The word meteoric is tossed about far too much, enough that it’s lost some of its importance. It’s used interchangeably with phrases like ‘on the rise’ and ‘up-and-coming’ when it means so much more. It means someone that’s seemingly come out of nowhere and completely upset the established order, someone whose rise has been both impressive and inspiring. Valeria Palmeiro, better known as Coco Dávez, fits the bill.
Even if you’re not an art collector you’ll have seen her work at some point; it’s pretty much impossible to miss. She’s colourfully collaborated with the likes of Puma, Prada, Chanel and Desigual to name a scant handful of big names. Most impressively, she’s only 29. It comes as no surprise then to see she was named one of Forbes’ 30 Under 30 in the world of art and culture.
“It was a surprise!” exclaims Coco when I congratulate her on the position. “It’s a great list, and there are only four Spanish people on the entire thing – it’s a gift!” Even then she’s putting herself down a little; as the only Spanish artist there, in a way she’s representing an entire country’s worth of young creatives. “Yes, it’s an honour… there are so many fantastic artists working in Spain today and it’s a privilege to be chosen from among them.”
What exactly is so extraordinary about Coco’s works? Blending pop art influences with a striking use of colour and a tongue-in-cheek approach to her subjects, the key aspect of her Faceless series is self-explanatory – but I’ll do so anyway. Rather than focusing on facial features, she uses her subjects’ iconic visual characteristics and affectations to create an instantly-identifiable representation of them on canvas. Think the Ziggy Stardust lightning bolt, Lagerfeld’s white hair and black shades or Picasso’s striped jumper. How it came about though was, for want of a better word, a happy mistake.
“I was painting a portrait of Patti Smith and I couldn’t get the face right. I just couldn’t quite get it – so I blotted it out. The inspiration for Faceless came from there.”
And it’s just kept coming. Her upcoming solo exhibition at Maddox Gallery’s Mayfair space will comprise of around 60 pieces – and I get the feeling there are plenty more in reserve. Faceless might be a little too new to be called iconic, but give it time; it’ll get there soon.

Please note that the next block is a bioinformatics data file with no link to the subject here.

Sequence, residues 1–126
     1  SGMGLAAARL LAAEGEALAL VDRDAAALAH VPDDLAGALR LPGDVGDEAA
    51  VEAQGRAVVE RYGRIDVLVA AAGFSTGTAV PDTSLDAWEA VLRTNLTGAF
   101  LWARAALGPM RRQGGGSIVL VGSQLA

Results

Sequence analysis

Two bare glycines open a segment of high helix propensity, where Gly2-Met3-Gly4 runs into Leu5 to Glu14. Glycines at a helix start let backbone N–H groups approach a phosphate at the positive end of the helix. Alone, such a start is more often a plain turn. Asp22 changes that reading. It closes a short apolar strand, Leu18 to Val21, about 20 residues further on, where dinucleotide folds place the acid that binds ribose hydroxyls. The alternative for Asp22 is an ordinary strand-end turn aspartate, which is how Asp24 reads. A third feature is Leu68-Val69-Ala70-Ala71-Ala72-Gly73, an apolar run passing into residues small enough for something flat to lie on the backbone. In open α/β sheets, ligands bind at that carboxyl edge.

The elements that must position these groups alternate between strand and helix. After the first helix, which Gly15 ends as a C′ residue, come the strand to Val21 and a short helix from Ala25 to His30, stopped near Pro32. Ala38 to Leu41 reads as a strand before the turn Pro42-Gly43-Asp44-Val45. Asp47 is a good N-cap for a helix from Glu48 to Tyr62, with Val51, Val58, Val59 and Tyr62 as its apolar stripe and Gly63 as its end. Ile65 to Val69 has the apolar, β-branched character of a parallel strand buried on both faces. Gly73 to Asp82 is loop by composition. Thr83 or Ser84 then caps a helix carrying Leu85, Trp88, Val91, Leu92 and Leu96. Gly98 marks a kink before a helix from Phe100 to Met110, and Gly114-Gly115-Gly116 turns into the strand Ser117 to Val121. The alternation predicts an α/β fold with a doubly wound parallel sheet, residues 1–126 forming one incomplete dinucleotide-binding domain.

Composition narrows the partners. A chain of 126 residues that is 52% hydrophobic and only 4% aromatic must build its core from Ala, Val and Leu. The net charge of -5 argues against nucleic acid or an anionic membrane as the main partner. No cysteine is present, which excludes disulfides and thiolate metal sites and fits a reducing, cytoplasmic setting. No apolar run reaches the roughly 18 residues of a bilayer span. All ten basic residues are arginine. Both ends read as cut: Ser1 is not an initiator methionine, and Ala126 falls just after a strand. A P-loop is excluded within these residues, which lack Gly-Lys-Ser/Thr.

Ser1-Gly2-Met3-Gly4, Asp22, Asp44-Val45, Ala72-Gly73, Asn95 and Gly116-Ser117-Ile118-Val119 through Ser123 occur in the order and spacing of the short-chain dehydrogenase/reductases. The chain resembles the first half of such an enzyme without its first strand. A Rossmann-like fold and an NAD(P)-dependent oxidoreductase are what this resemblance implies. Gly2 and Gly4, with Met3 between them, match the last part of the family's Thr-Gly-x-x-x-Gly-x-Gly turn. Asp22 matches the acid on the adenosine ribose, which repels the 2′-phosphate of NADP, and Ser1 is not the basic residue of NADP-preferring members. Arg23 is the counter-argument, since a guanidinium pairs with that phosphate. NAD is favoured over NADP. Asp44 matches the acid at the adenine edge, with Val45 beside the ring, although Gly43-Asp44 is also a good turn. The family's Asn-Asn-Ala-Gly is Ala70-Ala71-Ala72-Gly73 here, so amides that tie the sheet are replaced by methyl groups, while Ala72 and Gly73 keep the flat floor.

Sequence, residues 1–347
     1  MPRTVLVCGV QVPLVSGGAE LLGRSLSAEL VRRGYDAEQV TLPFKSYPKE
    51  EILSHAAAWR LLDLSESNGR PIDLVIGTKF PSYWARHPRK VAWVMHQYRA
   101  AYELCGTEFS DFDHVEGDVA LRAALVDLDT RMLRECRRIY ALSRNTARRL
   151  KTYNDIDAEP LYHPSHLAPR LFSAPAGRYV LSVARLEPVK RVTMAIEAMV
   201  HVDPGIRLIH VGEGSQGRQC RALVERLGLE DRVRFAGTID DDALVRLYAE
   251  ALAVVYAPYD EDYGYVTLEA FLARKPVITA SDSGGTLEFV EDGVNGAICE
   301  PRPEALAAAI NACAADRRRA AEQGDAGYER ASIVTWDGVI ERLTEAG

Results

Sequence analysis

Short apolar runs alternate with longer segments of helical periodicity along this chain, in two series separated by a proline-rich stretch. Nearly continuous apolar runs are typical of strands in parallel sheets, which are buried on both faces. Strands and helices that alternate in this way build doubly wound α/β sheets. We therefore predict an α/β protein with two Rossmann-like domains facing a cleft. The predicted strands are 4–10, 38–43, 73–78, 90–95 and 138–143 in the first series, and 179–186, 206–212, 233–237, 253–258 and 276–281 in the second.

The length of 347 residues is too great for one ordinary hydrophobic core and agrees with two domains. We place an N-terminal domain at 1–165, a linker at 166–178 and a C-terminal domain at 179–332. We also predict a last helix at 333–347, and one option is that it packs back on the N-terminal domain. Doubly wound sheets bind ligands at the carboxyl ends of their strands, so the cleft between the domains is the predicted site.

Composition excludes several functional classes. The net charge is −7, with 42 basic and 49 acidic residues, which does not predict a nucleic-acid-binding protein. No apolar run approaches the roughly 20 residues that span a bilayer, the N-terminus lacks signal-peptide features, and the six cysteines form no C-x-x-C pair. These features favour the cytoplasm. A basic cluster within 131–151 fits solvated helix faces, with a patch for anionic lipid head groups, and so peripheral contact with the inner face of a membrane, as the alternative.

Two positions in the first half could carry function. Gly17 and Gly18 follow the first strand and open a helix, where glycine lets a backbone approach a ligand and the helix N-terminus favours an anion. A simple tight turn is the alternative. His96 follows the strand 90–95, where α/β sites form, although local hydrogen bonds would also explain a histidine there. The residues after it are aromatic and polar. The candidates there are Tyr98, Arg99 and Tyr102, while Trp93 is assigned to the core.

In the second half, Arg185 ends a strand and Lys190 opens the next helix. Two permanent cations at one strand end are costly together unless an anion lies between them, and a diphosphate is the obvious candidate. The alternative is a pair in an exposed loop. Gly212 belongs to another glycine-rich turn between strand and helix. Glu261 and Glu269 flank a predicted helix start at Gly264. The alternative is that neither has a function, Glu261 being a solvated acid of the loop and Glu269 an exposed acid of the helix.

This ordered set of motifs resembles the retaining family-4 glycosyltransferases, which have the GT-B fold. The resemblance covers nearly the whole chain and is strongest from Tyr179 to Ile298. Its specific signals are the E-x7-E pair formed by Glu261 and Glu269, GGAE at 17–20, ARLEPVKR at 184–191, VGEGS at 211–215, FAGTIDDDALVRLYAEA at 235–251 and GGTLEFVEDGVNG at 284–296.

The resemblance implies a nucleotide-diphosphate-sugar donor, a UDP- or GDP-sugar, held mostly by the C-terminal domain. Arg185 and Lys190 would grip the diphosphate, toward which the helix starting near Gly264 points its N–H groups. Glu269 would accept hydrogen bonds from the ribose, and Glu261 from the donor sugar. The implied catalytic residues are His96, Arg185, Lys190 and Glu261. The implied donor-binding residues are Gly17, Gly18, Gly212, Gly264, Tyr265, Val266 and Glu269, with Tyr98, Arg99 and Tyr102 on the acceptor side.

As if an extraordinarily popular series of works and a place on one of the most prestigious lists in the world weren’t enough, she’s also published her first book. That said, it seems that the Faceless book was a long time in the works…
“Years and years ago,” explains Coco, “I had the dream to create a book. I just didn’t have an idea what it should be about. Then my publisher asked me where my characters, my Faceless creations, came from – how did they come into my life? For me, it’s vital to explain how important these figures are… and so the book went from there.”
The answer, in case you were wondering, isn’t simply that the Faceless are famous. They generally are, otherwise the style simply wouldn’t work. I don’t know what your mum looks like, but I can pick out the late Karl Lagerfeld’s silhouette at a line-up. No, for Coco, it goes beyond that.
“At one moment in my life, each of these people has inspired me. At different stages in my career or personal life they’ve been who I’ve looked up to. Faceless is my tribute to them.” And that makes for one hell of a tribute.
If there’s one thing that comes from talking to Coco, it’s just how unassuming she is. She never expected to be on the Forbes list; she freely admits the serendipitous beginnings of her Faceless series and, during our interview she’s effortlessly charming. Perhaps the biggest tell though is in her actual name.
Where does ‘Coco’ come from? The obvious answer would be Chanel, especially given her series includes designers of her calibre. But no. “It’s from Sesame Street!” She means of course the furry blue monster we know as Grover. “I loved him ever since I was little… so I used his name!”
Well, someone named after a muppet is now in the Forbes’ 30 under 30. If that isn’t worth celebrating, nothing is.